Crusader Days and Knights
An awkward young man from the north
ST: 11 HP: 13
DX: 11 Will: 12
IQ: 12 Per: 13
HT: 12 FP: 14
Born the fifth child of a prominent sea king, turned clan chief, Finnian MacLeod was expected to do great things beyond the Isle of Skio. Unfortunately for his father, Fin didn’t ever quite live up to those expectations. He was awkward, clumsy, and often more concerned about pillaging churches of their libraries and artifacts that looking for gold. Fin loved to read and spent hours absorbing every form of knowledge he could from biblical teachings to scholars from the east. Fin became obsessed with stories and legends. In fact, several of his sisters went on to be more infamous invaders. Instead, Finnian’s crew brought back scores of scrolls and tales of the young invader’s spectacular blunders.
When Fin’s older (and widely considered more capable) brother became ill, the family prayed to every god in the pantheon. They used their plundered treasure to pay for seers and soothsayers. Eventually, Fin suggested they speak with the Christians whom he had become so enamored. While Fin would have much preferred they contact the Byzantine leaders directly, his father sent word south to English and French priests who were much closer. In exchange for their “miracles”, the sea king agreed to stop pillaging English settlements, accept this Yahweh and Jesus into their pantheon, and return many of the church artifacts. Somewhere in the deal, Fin was sent along as a “gift” of good faith between the rival parties. Within a week, Fin’s brother was cured. Fin and his books were packed up and shipped off to the crusades.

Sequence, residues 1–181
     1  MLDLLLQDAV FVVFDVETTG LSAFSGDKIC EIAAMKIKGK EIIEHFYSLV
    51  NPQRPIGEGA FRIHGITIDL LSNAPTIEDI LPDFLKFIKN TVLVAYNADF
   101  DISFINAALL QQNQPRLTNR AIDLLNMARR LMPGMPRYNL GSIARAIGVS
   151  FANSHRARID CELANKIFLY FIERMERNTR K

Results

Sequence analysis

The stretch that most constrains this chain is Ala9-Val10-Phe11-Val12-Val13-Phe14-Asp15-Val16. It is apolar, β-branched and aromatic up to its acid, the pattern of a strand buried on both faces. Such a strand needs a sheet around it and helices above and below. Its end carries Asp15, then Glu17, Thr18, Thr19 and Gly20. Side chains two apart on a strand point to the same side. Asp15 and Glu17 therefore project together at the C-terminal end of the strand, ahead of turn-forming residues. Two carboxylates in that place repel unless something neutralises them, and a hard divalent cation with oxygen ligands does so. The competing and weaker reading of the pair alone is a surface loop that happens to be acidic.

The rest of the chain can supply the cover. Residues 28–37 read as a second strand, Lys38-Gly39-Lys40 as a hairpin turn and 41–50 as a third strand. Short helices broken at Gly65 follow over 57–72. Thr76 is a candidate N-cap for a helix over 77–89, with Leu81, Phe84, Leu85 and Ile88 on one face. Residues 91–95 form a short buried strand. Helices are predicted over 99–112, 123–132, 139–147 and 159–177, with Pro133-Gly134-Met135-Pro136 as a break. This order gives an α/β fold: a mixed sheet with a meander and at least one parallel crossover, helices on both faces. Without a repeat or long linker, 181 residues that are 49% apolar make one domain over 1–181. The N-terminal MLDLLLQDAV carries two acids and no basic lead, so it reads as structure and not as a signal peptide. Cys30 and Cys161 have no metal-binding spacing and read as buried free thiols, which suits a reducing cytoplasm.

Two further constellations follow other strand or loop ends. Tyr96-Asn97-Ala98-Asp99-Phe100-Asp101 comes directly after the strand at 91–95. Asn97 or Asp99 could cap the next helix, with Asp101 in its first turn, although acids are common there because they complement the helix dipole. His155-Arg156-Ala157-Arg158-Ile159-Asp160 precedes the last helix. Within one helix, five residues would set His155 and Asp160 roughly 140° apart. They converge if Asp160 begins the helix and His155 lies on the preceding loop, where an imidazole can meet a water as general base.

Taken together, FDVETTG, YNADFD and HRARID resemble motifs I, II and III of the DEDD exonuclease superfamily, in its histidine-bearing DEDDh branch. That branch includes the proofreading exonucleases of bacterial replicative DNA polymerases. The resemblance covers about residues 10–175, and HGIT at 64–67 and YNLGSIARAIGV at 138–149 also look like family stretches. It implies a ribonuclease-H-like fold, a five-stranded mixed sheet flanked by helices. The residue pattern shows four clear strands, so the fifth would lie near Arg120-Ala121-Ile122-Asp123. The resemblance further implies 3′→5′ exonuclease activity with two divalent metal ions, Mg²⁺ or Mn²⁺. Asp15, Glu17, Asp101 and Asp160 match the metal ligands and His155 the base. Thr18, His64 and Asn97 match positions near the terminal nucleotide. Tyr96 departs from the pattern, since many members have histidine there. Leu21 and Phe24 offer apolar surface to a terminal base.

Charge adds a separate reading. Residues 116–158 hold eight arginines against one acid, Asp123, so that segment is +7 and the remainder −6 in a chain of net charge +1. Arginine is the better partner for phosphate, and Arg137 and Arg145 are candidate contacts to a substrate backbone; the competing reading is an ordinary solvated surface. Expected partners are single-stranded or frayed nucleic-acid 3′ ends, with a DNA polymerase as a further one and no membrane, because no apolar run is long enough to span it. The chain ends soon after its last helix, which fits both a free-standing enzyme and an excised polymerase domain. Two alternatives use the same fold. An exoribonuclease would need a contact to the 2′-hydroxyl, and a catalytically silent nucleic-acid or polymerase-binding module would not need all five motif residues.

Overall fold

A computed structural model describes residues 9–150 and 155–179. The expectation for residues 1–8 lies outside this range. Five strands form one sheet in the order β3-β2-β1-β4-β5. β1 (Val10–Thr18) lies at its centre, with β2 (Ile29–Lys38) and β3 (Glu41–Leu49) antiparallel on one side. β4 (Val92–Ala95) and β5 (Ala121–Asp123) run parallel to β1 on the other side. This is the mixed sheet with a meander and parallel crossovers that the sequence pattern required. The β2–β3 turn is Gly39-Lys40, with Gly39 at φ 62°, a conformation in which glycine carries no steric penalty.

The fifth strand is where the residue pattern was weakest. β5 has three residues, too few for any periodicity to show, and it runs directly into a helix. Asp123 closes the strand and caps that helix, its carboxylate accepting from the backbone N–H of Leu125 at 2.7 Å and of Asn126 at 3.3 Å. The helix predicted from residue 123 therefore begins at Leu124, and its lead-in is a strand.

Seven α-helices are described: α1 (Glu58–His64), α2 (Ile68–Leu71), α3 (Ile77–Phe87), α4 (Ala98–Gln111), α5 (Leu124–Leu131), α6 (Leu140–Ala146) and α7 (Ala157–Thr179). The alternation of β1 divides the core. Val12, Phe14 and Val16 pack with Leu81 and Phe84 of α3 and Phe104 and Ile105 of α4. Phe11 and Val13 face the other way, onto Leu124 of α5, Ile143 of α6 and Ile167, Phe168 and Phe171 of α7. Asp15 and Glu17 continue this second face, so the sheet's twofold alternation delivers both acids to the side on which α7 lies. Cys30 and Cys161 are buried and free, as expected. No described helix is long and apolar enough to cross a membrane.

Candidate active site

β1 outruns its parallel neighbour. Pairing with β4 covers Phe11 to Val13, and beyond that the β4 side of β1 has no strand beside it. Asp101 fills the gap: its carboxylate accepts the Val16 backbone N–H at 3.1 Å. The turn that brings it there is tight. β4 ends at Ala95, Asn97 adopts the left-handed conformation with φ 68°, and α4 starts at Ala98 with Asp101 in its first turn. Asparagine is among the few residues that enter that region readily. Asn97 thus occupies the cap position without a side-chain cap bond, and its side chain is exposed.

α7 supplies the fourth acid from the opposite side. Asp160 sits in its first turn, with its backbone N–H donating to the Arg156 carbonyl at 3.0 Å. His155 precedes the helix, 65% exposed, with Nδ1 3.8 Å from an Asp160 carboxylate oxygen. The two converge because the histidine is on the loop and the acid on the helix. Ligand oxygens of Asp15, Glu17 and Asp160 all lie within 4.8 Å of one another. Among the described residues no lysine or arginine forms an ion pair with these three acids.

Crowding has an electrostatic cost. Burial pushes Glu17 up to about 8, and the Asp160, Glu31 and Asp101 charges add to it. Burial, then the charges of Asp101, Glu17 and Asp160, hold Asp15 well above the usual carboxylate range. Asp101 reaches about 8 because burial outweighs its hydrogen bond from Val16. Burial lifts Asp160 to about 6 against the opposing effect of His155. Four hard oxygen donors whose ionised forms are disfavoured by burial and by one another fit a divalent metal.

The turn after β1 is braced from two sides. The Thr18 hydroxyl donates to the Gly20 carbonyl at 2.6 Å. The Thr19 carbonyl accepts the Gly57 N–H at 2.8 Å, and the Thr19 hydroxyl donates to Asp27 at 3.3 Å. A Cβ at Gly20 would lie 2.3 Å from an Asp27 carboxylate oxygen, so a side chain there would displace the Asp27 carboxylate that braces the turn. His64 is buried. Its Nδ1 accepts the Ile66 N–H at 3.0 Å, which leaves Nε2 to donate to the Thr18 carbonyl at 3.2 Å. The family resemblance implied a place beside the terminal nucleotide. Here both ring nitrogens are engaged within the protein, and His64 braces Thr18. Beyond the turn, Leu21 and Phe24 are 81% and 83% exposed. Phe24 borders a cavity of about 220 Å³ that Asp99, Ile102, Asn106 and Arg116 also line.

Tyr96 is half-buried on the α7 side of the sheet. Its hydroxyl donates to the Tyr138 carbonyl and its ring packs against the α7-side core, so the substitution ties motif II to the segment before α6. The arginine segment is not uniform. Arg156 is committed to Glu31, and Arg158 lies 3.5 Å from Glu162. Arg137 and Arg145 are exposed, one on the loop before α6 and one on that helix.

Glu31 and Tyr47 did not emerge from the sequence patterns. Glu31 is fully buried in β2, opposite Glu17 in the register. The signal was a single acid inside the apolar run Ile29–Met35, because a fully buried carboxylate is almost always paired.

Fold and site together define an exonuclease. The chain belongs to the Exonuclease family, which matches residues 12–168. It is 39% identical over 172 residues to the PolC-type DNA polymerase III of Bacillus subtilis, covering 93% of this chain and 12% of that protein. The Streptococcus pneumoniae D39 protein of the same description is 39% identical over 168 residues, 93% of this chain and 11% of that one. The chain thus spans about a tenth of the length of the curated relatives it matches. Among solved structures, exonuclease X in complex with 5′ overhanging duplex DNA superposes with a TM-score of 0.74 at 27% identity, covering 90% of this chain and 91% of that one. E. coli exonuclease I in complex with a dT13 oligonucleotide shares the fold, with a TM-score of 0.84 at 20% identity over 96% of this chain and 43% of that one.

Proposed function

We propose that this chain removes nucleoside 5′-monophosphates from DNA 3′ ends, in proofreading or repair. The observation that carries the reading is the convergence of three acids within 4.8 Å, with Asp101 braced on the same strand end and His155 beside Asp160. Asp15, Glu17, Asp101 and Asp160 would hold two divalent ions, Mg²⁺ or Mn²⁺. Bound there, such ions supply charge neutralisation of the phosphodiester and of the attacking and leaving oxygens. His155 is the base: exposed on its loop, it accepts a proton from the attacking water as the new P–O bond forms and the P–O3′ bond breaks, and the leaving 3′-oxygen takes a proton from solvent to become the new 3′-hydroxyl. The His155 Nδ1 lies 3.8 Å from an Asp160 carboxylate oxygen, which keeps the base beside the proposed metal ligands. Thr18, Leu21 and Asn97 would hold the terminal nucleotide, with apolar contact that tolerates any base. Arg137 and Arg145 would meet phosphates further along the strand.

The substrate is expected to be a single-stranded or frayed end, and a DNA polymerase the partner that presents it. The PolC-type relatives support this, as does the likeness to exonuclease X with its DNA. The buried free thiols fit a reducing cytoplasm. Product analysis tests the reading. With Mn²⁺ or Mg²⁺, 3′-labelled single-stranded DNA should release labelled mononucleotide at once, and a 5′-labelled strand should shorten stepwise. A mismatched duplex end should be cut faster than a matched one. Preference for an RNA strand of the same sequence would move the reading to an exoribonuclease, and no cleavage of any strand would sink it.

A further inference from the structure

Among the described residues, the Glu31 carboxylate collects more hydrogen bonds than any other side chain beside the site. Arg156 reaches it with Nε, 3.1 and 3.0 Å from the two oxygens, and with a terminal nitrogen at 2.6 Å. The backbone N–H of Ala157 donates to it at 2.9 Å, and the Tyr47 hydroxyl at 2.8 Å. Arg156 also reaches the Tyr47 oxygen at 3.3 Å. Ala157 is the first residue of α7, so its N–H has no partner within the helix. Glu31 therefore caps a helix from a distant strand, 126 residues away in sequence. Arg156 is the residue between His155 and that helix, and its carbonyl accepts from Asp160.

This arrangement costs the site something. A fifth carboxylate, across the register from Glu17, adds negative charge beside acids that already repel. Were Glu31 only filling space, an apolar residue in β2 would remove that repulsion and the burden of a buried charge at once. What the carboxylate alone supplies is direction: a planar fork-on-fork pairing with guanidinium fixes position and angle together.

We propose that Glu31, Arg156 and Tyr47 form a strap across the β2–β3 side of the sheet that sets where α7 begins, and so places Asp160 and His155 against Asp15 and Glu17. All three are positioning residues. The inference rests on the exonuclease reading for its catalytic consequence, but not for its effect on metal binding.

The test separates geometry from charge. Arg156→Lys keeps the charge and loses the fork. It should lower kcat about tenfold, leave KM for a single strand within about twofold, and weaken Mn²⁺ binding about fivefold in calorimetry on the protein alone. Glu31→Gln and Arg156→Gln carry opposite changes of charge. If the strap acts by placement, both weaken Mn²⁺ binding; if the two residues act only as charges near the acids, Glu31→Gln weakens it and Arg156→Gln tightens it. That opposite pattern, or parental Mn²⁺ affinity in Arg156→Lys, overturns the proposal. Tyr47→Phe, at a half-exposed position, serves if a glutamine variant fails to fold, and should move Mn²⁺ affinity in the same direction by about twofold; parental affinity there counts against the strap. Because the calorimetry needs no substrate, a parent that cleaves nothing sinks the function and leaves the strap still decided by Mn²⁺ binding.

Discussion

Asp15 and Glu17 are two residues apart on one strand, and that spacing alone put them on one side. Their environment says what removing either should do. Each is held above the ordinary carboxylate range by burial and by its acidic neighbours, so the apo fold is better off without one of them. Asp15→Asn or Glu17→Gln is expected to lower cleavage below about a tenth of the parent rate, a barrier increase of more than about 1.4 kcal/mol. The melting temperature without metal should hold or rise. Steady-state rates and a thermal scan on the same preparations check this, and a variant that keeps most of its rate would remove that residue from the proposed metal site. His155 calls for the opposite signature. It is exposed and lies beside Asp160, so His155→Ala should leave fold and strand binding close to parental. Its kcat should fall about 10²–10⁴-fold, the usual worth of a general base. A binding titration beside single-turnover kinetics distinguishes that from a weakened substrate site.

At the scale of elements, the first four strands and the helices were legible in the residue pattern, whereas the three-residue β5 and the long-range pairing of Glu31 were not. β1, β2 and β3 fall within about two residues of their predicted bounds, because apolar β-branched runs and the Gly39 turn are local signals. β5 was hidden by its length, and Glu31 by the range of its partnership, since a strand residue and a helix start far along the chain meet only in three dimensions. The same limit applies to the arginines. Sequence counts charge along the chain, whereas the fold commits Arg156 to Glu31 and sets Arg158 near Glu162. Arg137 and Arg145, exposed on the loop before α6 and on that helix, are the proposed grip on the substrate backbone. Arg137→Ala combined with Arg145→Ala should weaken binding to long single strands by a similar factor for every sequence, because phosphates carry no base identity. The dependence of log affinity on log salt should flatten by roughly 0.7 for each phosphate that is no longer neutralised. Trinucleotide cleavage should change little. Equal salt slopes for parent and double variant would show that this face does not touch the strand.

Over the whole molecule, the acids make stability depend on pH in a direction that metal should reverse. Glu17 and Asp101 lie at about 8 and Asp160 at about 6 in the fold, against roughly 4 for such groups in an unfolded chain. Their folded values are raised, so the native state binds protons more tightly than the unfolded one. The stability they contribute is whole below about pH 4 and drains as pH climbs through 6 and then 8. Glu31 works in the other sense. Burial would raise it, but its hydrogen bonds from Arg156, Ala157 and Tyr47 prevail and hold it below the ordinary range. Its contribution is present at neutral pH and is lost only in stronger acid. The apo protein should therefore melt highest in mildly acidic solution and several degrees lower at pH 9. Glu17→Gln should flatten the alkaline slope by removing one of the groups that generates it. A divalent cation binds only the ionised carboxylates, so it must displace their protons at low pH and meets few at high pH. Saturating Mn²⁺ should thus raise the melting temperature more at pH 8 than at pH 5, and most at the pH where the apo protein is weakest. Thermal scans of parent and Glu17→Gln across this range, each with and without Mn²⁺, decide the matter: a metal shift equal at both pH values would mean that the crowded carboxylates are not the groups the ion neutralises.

It was on this journey south to Glastonbury that Fin met the knight Andre LeBlanc who had no children of his own. Andre impressed Finnian with stories from the crusades. They got word some weeks later that Fin’s brother had been struck dead by his own horse. Fin took this as a sign that he was meant for more than a life of study and agreed to accompany Andre on the next Crusade!
While his first weeks amongst the clergy were awkward, Finnian soon found himself at home helping villagers and teaching Latin lessons at the local inn. As one of the most literate people of the country, he is often chosen to be a scribe. Indeed, he had perfect penmanship and could keep notes in multiple languages.